Ofsted praise for Gorleston school’s ‘outstanding progress’

TWO years ago it was “one of the worst performing schools in the country,” but after much hard work pupils and staff are celebrating a glowing Ofsted report.

The former Oriel Mathematics and Computing College, in Gorleston, closed at the turn of the decade to be replaced by Ormiston Venture Academy in September 2010 - having previously had 13 head teachers in the space of just 15 years.

It has since gone from strength to strength, and school inspector Martin Cragg ruled that “standards have risen sharply” after a visit to the school on April 25 and 26.

The academy has now become the first sponsored academy in Norfolk to achieve “outstanding progress” on its monitoring inspection, and staff say they are delighted at the turnaround.

Principal Nicole McCartney said: “We are pleased and proud that Her Majesty’s Inspectors have noted the outstanding progress we have made.

“This has been a whole-community effort, and we all know it’s what the young people of Great Yarmouth deserve.

“Our work is not done, and will not be done until 100pc of our children are reaching their full potential.

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“We believe that this August, on results day, we will take another big step toward that goal and we look forward to our Section 5 inspection twelve months from now.”

Ms McCartney, who has been in the role since the academy’s opening, was singled out in the report for her “inspirational, highly effective leadership” which “has driven a wide range of improvements in a short period of time.”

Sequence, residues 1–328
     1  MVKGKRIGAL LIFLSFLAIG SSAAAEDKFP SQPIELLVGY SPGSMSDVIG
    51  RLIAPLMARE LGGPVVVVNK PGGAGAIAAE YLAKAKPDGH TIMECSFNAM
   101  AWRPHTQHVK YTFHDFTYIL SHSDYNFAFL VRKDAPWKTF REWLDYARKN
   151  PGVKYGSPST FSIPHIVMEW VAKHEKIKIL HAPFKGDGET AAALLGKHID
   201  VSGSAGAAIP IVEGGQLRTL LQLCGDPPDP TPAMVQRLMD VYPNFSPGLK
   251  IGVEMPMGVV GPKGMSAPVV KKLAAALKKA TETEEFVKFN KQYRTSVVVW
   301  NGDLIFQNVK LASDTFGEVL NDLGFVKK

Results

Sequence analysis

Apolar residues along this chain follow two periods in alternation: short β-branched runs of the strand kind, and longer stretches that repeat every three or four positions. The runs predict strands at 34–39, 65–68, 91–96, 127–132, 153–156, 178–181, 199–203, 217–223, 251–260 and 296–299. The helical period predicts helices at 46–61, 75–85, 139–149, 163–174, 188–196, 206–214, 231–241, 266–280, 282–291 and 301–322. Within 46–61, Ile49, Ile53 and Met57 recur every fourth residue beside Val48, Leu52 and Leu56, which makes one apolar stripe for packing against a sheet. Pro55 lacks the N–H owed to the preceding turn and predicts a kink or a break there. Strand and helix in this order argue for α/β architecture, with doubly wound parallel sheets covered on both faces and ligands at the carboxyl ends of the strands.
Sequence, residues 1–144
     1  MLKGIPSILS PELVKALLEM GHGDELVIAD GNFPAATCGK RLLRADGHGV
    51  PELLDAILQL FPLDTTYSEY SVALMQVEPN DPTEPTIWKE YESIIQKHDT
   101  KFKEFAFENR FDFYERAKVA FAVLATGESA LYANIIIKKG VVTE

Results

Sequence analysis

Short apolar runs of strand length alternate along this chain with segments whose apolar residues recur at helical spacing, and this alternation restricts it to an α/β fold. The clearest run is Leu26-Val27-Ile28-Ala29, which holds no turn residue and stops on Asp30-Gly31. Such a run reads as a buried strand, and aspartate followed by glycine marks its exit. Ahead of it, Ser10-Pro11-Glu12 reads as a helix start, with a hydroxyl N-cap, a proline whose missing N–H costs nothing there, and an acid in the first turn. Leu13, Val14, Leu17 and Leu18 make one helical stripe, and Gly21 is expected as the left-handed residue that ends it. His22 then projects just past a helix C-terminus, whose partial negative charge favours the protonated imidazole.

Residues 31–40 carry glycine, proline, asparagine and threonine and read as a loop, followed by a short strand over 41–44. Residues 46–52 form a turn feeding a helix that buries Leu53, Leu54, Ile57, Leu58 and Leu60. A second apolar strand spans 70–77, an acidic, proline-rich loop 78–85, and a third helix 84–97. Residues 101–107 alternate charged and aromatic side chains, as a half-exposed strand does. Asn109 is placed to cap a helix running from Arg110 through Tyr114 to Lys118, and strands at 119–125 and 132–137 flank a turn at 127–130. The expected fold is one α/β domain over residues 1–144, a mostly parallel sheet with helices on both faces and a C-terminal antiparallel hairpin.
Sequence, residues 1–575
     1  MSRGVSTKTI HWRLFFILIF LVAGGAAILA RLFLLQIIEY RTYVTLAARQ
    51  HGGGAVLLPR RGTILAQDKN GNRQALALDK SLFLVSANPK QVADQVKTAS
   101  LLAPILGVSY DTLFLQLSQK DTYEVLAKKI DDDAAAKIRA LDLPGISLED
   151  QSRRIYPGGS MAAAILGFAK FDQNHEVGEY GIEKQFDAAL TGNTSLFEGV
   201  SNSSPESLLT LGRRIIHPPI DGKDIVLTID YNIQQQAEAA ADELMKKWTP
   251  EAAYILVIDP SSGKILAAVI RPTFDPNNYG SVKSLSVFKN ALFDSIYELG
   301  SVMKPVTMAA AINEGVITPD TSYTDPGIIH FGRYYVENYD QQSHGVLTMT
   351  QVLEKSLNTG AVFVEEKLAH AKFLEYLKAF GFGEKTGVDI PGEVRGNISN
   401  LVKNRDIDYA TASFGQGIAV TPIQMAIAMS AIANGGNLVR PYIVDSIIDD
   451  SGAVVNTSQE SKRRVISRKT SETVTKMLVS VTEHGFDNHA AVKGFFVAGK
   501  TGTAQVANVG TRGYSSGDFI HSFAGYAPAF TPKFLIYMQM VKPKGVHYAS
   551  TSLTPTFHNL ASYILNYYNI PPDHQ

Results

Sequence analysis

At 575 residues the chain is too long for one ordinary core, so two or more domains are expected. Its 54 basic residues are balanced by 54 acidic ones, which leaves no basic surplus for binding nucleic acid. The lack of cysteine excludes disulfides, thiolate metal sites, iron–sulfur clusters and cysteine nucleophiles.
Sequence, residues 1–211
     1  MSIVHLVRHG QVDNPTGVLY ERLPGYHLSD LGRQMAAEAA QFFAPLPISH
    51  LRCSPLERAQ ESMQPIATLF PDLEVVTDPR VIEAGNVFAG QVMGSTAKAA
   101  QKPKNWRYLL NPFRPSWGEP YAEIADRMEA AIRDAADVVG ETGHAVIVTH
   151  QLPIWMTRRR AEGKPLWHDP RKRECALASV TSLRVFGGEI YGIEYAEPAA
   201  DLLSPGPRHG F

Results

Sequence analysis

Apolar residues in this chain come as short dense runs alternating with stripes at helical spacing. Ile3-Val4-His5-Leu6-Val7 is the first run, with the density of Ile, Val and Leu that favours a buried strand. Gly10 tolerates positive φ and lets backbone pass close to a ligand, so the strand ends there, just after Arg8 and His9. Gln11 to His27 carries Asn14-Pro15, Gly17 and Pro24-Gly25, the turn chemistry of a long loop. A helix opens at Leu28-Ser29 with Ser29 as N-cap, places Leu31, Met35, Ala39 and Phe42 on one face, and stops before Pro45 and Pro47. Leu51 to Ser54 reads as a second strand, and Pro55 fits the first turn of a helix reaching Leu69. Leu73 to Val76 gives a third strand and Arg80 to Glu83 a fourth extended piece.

In the Ofsted monitoring report, published on Wednesday, inspector Mr Cragg noted the vast majority of Year 11 students attained at least five A* to C grades last year.

And he wrote: “Based on their well below average starting points and the low standards achieved in the predecessor school, this is a notable achievement.”

Elizabeth Haddleton, head of creative arts at the academy, worked at the predecessor school for 30 years.

She said: “Ormiston Academies Trust saw the untapped potential here and were prepared to take a chance on a school that had experienced 13 head teachers in 15 years without any substantial change.

“Pre-academy, I questioned whether there could be a stepped change with the same children, the same parents, almost exclusively the same teaching staff, the same community and in the same buildings.

“I did not think it could be done. I was wrong, and delighted to be able to say I was.

“We needed a leader who believed in everything that we are and could be, and we got that in the new principal Nicole McCartney.”

The academy has halved fixed term exclusions, improved attendance from 86pc to 94pc, and doubled the rate of 5A* to C grades to 94pc since opening.

The gold standard measure of 5A* to C with English and maths, rose to 46pc in two terms, which was 16pc above external targets.

The senior team also received praise from the watchdog, and with an �8.1million rebuild project recently revealed the academy is on the up.